Opening Scientific Plenary 

Thursday, August 1, 4:45 p.m. – 5:45 p.m.

Plenary Speaker: Dr. Peggy Cotter
Title: CDI/CDS system-mediated cooperation, competition, and DNA transposition in Burkholderia
Dr. Peggy Cotter will present data from her lab demonstrating how contact-dependent inhibition (CDI) / contact-dependent signaling (CDS) systems allow bacteria to compete or cooperate with neighboring bacteria depending on relatedness. They will demonstrate what they've discovered – that the genes encoding the CDI/CDS system in Burkholderia thailandensis E264 are located within a mobile genetic element that defines a new class of transposon that requires the transposase as well as the CDI/CDS system proteins for transposition. This element could allow the bacteria to use a ‘kill or convert’ strategy within dynamic sociomicrobiological communities.

Dr. Peggy Cotter
University of North Carolina – Chapel Hill

Dr. Beronda Montgomery 
Michigan State University

Scientific Plenary

Friday, August 2, 11:00 a.m. – 12:00 p.m.

Plenary Speaker: Dr. Beronda Montgomery
Title: Shaping up and Responding: Color Vision and Light-Dependent Developmental Plasticity in Cyanobacteria

Explore the ways in which photosynthetic organisms exhibit finely tuned abilities to sense and respond to changes in their ambient environment with Dr. Beronda Montgomery. Cyanobacteria respond to changes in light in a process known as chromatic acclimation, which tunes physiology and photosynthetic pigmentation to light cues. Some cyanobacteria also alter the shape and volume of their cells in response to changes in ambient light, including changes in light intensity and predominant wavelengths or colors of light available. Hear descriptions of the photoreceptors and associated signaling pathways used to tune cellular responses and thus organismal fitness in cyanobacteria.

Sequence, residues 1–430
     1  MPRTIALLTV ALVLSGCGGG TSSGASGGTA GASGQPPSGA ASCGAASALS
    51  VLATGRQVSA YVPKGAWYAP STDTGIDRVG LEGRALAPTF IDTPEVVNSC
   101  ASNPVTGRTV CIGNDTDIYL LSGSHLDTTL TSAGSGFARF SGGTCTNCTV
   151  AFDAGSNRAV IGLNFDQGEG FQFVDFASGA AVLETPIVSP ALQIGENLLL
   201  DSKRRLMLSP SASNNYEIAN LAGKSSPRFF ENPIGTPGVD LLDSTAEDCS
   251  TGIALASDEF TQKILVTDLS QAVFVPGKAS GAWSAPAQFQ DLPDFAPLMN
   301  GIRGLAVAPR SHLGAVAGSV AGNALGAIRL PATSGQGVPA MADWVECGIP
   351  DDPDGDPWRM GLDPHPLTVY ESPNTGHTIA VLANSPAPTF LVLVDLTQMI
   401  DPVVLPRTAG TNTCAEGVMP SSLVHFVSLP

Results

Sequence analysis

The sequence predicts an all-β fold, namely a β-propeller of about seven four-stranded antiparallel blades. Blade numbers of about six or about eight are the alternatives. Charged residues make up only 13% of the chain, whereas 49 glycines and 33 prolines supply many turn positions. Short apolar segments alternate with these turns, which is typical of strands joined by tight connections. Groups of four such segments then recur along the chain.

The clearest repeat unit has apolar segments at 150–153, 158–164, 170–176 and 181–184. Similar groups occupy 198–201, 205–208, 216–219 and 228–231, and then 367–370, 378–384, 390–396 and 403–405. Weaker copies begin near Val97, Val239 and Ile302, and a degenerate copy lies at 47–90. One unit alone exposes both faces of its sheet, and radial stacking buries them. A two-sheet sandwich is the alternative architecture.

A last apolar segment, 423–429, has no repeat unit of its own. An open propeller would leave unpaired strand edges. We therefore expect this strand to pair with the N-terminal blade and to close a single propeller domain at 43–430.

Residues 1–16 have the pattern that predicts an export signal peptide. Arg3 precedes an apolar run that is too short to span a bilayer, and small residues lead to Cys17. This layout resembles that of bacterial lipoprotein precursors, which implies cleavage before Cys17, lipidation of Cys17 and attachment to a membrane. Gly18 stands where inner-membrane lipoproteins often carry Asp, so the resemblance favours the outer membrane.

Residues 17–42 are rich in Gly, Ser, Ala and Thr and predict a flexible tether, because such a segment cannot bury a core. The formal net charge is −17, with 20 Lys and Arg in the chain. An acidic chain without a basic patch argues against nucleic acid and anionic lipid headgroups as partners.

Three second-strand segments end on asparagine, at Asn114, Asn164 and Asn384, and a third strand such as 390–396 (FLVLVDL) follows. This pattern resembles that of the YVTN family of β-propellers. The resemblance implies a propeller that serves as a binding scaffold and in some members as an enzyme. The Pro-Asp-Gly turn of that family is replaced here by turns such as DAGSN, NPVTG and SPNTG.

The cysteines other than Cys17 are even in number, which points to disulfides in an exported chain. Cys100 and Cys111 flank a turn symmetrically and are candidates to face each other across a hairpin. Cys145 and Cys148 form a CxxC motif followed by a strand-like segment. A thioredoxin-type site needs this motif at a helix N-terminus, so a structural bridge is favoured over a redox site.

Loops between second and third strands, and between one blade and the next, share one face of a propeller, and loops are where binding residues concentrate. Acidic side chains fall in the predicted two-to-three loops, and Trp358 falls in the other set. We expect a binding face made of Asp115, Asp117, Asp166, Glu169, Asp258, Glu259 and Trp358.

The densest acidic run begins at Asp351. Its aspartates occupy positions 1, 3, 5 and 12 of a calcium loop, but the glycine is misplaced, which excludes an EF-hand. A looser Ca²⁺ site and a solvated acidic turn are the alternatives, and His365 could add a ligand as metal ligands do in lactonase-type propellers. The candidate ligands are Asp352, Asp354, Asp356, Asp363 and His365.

Carski Plenary Lecture

Saturday, August 3, 11:00 a.m. – 12:00 p.m.

Plenary Speaker: Dr. Louise Temple 
Title: Addicted to Students: 25 Years of Doing Microbiology with Undergraduates

Using stories from her teaching years, she hopes to provide stimulating examples that encourage younger colleagues to create a learning environment for students that matches their personal goals, styles, and personalities, and that fosters scientific curiosity.

Dr. Louise Temple 
James Madison University

Dr. Stanley Maloy
San Diego State University

Closing Scientific Plenary

Sunday, August 4, 9:00 a.m. – 10:00 a.m.

Plenary Speaker: Dr. Stanley Maloy
Title: Phage and the Evolution of New Infectious Diseases

Dr. Stanley Maloy will describe how phage can influence adaptation of bacteria to an environment by providing enhanced or novel metabolic properties, acquisition of antibiotic resistance, resistance to protozoan predation, or new virulence properties (such as exotoxin genes). We have identified environmental reservoirs of bacteria that carry phage-encoded exotoxin genes associated with a variety of human diseases. Movement of phage different types of bacteria can facilitate the evolution of new infectious diseases. Some of our key discoveries were made by students participating in an interdisciplinary summer program prior to beginning undergraduate studies at SDSU, and supported by a grant from the Keck Foundation.


Closing Education Plenary

Sunday, August 4, 10:15 a.m. – 11:15 a.m.

Plenary Speaker: Dr. Bryan Dewsbury 
Title: Teaching for Meaning and Purpose

​Discussions around teaching excellence have evolved from fully burdening students with responsibility for reform, to challenging instructors to transform their pedagogical approaches. In this talk Dr. Bryan Dewsbury argues that inclusive teaching in its truest form asks questions of the system, and the ways in which it empowers or does not empower its key stakeholders. He uses five years of data from an introductory biology classroom to demonstrate how inclusive approaches can significantly reduce the predictive power of traditional academic variables like high-school GPA and SAT scores. Students in these classrooms also continued to enjoy equal or more academic success than their peers in conventional classrooms. Finally, he discusses how his inclusive approach engendered a sense of meaning and purpose in students from these classrooms as expressed in written reflections about the process. 

Dr. Bryan Dewsbury 
University of Rhode Island